Inside Airbus’ A320neo mockup at the Aircraft Interiors Expo in Hamburg this week sits one of the strangest seating products ever to see the light of day. The “Settee Corner”, a concept conceived by Airbus and manufactured in this demonstration version by Geven, is in its essence an economy class seat for certification purposes, with a substantial side mattress area for relaxing and sleeping — which the airframer and seatmaker believe will require less stringent certification as it its not occupied for taxi, takeoff and landing.
The intention is that the seat immediately adjacent to the aisle is certified to the full 16g requirement, says Airbus’ vice president cabin marketing Ingo Wuggetzer, who tells Runway Girl Network that “it’s very low-cost and low-weight. It’s one seat that is certified [to 16g], and then you have a bench that is only certified to 9g that you can use for sleeping. That’s why it’s light, and cheap, and providing a business class seating comfort — not at the highest level, but very efficient. You could do that for single-aisle, but you could also do it for an A330 long-range LOPA.”
Airbus’ marketing material highlights the seat’s potential use for an A321LR, and suggests that the seat is “up to 30% lighter than other full-flat business class products”, and that its total cost of ownership is optimized, with an “affordable seat without complex mechanisms, reliable and easy to maintain”.
The demonstrated version is pitched at 34”, but the idea is to consider the seat pitched from 32”, Amalia Martinez-Martin, Airbus business line leader for tailored equipment within the airframer’s interiors services section, tells RGN, noting that that the concept and intellectual property lie within Airbus, but that the demonstrator has been built by Italian seatmaker Geven.
“Airbus has Stelia in-house as a seat manufacturer, but Stelia is not specialized in economy class seats,” Martinez-Martin says. “The aim of this product was to come not for a new development, but to use an existing seat structure, very light, to just make a modification to the shape. That’s why we went to work with Geven.”
Continues Geven operation manager Francesco Varriale, “we started in September with Airbus, and we started with them by analysing the first patent they showed us. They’ve already shown us the first patent, their first solution concept, but we started together to design the seats and develop [them].”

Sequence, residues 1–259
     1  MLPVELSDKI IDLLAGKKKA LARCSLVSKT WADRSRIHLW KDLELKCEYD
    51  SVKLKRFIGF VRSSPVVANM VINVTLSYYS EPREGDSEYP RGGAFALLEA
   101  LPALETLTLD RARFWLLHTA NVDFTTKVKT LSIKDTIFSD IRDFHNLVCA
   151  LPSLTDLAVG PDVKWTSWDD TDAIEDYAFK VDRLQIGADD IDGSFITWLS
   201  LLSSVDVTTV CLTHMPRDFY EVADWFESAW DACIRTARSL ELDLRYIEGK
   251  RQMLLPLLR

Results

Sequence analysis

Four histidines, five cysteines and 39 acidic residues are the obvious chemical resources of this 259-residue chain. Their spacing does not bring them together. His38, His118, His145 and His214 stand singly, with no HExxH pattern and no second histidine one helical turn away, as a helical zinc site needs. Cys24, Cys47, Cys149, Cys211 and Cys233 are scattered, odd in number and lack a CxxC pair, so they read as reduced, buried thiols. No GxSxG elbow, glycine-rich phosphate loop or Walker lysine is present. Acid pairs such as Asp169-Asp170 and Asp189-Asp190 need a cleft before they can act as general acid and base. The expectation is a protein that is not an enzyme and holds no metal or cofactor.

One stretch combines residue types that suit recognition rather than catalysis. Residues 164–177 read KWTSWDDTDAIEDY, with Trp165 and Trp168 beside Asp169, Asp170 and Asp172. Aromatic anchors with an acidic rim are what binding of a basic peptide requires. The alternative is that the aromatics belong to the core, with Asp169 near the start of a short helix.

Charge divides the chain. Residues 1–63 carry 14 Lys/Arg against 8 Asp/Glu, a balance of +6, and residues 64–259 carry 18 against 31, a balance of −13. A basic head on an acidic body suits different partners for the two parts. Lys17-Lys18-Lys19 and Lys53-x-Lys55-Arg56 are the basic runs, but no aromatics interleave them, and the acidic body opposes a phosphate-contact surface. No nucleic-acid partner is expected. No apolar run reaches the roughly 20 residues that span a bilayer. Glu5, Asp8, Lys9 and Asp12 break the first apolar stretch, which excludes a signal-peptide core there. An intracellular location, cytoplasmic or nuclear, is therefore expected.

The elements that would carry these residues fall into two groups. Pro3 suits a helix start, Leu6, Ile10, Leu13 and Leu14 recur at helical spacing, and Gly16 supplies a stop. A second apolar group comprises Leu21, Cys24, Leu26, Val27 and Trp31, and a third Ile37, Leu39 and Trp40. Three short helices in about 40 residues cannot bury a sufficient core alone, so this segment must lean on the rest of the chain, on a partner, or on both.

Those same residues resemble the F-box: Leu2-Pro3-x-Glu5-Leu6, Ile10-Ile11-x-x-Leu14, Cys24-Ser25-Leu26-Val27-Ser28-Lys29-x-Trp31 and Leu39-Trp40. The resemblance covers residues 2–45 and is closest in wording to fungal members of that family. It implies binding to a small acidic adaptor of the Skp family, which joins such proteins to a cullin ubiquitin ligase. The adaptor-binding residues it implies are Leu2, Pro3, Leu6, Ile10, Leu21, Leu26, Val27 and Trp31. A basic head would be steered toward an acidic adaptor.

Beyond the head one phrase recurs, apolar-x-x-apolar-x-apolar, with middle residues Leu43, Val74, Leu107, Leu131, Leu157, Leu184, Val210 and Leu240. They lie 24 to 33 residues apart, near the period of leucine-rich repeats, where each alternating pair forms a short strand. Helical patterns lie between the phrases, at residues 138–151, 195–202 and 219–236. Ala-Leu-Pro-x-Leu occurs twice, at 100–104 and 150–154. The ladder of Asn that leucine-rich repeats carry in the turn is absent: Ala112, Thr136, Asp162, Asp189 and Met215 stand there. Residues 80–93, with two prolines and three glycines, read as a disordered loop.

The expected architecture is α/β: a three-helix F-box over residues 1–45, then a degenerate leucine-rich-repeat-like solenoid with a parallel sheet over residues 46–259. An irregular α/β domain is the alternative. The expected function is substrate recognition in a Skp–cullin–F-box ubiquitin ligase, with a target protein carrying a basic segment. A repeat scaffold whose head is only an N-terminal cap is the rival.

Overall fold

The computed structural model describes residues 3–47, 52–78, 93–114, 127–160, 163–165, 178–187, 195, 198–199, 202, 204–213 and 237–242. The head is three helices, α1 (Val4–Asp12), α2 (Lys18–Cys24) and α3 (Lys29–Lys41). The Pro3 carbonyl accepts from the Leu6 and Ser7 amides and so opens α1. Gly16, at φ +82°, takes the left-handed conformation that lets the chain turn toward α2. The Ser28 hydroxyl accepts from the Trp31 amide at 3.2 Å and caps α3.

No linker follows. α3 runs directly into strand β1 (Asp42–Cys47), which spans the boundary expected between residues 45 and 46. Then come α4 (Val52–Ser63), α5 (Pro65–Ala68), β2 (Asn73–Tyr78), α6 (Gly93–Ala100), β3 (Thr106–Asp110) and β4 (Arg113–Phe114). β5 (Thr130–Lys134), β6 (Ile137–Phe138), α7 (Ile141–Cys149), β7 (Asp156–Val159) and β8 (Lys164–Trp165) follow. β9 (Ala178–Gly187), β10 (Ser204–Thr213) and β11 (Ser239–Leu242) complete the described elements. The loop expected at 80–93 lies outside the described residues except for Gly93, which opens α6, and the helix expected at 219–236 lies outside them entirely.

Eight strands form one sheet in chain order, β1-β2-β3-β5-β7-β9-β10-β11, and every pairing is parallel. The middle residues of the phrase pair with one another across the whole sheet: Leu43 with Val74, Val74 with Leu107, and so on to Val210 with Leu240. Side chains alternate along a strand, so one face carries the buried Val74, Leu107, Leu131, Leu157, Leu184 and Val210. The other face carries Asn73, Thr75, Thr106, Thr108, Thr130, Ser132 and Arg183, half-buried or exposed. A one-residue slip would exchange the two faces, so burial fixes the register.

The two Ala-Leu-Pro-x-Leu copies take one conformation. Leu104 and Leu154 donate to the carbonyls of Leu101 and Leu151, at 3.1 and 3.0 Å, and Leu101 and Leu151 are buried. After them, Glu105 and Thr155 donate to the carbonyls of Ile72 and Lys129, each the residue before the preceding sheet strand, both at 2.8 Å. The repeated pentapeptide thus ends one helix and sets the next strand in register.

As the first step, Varriale tells RGN, “we evaluated what parts of the seat needed to be certified as a seat and what part as interiors. This is a point we have not yet defined, because in terms of weight there is an advantage considering all the seat as a seat to certify them as 16g, but in terms of customization and flexibility, it is better to divide the takeoff and landing place from the relax and sleeping place, due to the fact that when customization is needed, when you want change you have to repeat the HIC [head injury criterion] test. If you consider, for example, only the takeoff and landing place as a seat you can optimize the HIC condition and certify for interiors the other two places.”
The seat itself is not a true derivative of any Geven product, although the company did reuse a solution that it had created for its Essenza ultra-slimline economy class seat on one leg.
“We developed since September the primary structure and all the composite shells,” Varriale explains, highlighting the close partnership Geven and Airbus had. “We discussed together with Airbus and their designer, and we worked very strongly with the team with weekly calls and meetings to obtain the best compromise in the lowest time. We are fully involved in the design, certification and manufacturing of the seats.”
“Now,” Varriale says, “we are waiting for the results of the Expo.”
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